On Thursday, May 28, the Saudi kingdom officially started the gradual reopening of its economy. The country has suffered much from the combined misery of lockdowns and travel bans during a historic drop in oil prices, for which it was partly responsible.
The Saudi-led coalition in Yemen also has little good news to report while the results of Saudi actions to increase its market share in global oil markets remain foggyu.
Amid the geopolitical and economic instability, Saudi Arabia is still seeing the number of coronavirus cases increase. The country is the second worst-hit in the Middle-East, after Iran. Saudi Arabia now has had 78,541 cases after an increase of 1,815 was reported on Wednesday, May 27. The government reported 14 new deaths, bringing the Kingdom’s death-toll to 425 while 15,022 people have recovered.
In an effort to return the country to a state of normalcy, the government has proposed a gradual easing of restrictions through a three-phase plan. The country is currently in the first phase of the plan, which means its 24-hour curfew has expired and free movement in and between Saudi regions lifted between 6am and 3pm. Retail and wholesale stores are again permitted to operate within strict health guidelines to ensure social distancing and proper hygiene.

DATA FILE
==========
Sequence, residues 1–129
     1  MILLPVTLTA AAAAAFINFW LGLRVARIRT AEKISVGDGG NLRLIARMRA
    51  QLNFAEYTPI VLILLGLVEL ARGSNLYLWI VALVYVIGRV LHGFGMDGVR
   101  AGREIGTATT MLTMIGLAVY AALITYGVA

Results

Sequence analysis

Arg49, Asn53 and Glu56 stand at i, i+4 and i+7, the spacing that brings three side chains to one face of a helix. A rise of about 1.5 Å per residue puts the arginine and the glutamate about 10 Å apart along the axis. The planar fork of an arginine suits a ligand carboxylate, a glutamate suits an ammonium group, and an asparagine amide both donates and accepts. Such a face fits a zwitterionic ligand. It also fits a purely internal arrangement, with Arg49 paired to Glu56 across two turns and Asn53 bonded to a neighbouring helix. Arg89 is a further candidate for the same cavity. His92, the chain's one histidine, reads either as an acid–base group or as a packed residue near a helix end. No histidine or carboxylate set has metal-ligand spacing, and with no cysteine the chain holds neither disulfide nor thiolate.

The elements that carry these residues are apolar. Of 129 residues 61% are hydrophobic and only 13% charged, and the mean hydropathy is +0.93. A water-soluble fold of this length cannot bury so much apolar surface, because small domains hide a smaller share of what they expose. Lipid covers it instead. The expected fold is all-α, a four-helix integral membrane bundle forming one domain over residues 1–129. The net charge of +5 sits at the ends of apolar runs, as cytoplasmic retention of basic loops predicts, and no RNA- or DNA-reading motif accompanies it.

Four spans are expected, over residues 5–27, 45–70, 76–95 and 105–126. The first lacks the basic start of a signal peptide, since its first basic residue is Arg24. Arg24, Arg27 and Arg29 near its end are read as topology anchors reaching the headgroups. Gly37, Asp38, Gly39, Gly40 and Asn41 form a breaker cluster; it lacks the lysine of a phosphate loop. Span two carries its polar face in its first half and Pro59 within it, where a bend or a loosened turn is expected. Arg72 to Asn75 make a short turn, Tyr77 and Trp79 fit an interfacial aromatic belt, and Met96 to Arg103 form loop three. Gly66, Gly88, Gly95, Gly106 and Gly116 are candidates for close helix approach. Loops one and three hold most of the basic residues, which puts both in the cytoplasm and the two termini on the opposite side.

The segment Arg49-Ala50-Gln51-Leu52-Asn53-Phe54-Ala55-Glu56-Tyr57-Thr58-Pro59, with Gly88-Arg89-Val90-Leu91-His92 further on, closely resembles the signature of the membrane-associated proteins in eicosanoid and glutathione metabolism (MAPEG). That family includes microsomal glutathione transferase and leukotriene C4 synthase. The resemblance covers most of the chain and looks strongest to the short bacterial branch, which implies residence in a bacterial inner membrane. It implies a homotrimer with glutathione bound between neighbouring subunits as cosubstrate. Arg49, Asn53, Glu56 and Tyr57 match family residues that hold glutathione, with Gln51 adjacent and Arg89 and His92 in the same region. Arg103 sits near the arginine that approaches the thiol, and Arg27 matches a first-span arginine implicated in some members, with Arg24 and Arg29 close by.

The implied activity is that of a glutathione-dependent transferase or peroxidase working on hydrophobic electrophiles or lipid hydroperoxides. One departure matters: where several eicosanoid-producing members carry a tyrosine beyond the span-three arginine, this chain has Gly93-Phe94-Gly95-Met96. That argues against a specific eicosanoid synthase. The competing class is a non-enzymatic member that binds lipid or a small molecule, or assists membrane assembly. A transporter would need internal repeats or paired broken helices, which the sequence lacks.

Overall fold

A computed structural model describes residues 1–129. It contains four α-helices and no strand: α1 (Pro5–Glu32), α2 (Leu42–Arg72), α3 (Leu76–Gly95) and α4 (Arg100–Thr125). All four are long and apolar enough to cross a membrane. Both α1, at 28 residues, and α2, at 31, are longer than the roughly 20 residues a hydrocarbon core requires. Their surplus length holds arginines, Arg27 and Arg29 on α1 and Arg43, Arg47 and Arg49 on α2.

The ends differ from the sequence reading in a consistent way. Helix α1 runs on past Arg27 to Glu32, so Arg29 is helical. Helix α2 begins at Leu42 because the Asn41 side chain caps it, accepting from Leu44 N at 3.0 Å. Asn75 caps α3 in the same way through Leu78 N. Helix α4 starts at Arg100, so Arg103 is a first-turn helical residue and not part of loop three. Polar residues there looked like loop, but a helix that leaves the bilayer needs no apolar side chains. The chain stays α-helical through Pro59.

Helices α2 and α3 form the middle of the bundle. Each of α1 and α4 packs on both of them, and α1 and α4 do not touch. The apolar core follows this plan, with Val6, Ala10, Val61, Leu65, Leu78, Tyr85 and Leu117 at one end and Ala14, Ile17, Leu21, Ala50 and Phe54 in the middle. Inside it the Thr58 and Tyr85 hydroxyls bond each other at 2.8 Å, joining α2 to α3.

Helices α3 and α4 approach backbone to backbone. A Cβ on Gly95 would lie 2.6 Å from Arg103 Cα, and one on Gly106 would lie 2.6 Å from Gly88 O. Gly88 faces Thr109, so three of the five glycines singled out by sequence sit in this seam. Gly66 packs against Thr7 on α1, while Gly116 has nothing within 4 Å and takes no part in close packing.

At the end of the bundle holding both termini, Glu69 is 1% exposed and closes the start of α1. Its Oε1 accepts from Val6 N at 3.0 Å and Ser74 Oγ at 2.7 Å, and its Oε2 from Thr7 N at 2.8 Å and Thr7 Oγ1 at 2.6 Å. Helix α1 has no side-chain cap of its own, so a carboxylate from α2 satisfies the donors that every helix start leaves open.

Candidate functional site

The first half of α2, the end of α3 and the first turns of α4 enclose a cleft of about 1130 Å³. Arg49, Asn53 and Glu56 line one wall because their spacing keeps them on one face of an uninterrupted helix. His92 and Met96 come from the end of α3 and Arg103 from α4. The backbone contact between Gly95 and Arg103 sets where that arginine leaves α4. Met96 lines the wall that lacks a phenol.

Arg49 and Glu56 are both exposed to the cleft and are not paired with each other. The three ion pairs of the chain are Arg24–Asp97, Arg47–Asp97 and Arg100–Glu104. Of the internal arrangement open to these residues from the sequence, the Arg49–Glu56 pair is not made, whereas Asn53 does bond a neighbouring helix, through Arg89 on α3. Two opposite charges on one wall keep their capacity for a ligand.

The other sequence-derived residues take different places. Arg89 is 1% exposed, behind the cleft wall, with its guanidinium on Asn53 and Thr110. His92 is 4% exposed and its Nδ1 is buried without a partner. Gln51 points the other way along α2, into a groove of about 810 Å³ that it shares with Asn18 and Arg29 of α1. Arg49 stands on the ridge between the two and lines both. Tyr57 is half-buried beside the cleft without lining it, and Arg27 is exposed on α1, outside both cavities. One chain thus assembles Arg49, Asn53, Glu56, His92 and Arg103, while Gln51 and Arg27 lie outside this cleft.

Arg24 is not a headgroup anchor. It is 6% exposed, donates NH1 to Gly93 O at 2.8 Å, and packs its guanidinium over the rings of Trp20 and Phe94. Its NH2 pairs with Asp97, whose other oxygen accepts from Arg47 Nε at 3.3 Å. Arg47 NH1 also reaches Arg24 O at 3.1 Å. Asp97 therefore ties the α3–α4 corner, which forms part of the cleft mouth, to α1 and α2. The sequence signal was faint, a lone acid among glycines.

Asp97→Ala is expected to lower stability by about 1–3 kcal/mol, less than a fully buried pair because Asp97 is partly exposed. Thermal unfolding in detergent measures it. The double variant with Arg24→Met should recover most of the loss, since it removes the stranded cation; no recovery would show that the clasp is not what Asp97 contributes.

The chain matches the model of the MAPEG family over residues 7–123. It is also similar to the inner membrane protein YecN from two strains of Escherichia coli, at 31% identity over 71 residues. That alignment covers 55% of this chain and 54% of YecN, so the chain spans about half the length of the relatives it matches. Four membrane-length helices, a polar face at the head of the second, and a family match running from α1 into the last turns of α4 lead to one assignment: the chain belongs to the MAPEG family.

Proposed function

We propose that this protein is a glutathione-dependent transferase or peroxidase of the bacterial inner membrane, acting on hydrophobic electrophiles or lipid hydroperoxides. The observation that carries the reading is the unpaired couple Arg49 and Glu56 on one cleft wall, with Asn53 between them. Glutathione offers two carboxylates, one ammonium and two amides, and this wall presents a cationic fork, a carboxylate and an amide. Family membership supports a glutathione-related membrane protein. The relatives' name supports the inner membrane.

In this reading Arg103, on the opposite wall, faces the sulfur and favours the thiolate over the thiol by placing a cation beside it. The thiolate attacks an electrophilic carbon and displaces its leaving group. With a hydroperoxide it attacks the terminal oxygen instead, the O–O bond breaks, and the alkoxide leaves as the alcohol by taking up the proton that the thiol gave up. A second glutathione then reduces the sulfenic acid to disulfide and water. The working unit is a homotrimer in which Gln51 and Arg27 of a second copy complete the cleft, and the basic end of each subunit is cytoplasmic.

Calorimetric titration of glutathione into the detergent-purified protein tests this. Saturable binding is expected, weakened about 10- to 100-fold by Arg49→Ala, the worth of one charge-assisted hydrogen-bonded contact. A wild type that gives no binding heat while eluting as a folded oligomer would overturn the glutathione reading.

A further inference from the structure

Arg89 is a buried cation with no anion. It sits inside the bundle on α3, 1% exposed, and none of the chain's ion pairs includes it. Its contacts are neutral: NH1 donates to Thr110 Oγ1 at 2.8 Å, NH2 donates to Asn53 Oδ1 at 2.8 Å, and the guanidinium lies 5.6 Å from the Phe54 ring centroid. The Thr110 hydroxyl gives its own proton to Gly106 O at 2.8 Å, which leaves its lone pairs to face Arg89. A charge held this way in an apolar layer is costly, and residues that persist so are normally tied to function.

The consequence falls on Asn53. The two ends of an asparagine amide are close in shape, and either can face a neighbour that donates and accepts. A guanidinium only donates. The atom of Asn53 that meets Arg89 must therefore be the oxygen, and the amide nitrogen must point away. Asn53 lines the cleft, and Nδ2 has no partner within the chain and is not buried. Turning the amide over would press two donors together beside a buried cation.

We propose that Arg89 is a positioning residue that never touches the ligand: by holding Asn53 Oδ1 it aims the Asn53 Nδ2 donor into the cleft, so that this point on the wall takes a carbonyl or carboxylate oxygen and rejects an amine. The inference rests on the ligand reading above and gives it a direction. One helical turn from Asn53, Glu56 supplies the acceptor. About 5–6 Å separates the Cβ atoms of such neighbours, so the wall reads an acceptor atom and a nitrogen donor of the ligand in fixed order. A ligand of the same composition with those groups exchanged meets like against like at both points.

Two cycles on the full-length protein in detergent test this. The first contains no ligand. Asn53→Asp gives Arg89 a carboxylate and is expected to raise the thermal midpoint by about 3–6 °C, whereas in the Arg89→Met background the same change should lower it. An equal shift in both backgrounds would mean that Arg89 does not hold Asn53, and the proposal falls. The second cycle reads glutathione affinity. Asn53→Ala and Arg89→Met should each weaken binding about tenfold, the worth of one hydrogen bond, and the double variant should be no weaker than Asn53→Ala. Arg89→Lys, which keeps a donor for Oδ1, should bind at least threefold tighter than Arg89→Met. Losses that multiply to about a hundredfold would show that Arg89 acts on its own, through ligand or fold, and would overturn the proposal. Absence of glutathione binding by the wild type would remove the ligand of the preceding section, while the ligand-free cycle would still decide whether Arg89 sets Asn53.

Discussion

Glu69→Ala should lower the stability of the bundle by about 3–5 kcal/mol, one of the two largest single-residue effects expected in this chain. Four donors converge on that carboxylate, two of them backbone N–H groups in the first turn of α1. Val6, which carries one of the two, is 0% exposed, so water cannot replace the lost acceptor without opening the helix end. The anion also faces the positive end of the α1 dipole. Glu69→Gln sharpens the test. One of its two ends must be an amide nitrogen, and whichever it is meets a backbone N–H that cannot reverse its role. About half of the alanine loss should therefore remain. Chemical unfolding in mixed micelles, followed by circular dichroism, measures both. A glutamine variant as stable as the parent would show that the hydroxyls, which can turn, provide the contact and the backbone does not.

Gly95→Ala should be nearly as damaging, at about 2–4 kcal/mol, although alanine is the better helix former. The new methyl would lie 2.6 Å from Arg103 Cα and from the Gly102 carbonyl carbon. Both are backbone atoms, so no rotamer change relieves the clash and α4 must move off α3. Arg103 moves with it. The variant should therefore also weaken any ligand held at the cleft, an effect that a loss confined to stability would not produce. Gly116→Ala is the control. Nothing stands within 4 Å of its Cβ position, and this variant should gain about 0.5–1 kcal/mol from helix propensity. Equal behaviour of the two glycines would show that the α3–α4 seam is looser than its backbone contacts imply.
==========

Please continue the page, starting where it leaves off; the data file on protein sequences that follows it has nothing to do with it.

The second phase will commence on Sunday, May 31 when the curfew will be widened to allow movement from 6am to 8pm. Prayers will resume in mosques after being deserted throughout Ramadan and restaurants and cafes will reopen to the public. With transport restrictions lifted, people and goods will once again be allowed to flow freely within the country’s borders. The only painful restriction remaining is a ban on public gatherings of more than 50, meaning weddings and funerals will have to remain small in size.
On June 21, Saudi Arabia hopes to reach phase three, where it aims to return to normal life with few restrictions.
Mecca’s three phases
Mecca will see a more gradual approach to the lifting of measures. While the rest of the country will enter the second phase on Sunday May 31, Mecca will then enter phase one. Mosques will remain closed and 24-hour curfews continue until the rest of the country reaches phase three.
When restrictions are lifted across the country on June 21, Mecca will enter the second phase, allowing mosques to reopen, with exception of the Grand Mosque in Mecca, where only its imams and employees will be allowed to pray. Only when phase two has had the desired effect will restrictions in Mecca be lifted fully.
The extra caution applied to Mecca means Muslims hoping to make the Umrah or Hajj pilgrimage this year may have to wait for 2021. Saudi authorities have indicated a periodical review will determine when the religious will again be allowed to circle the Kaaba and fulfill their once-in-a-lifetime Islamic duty.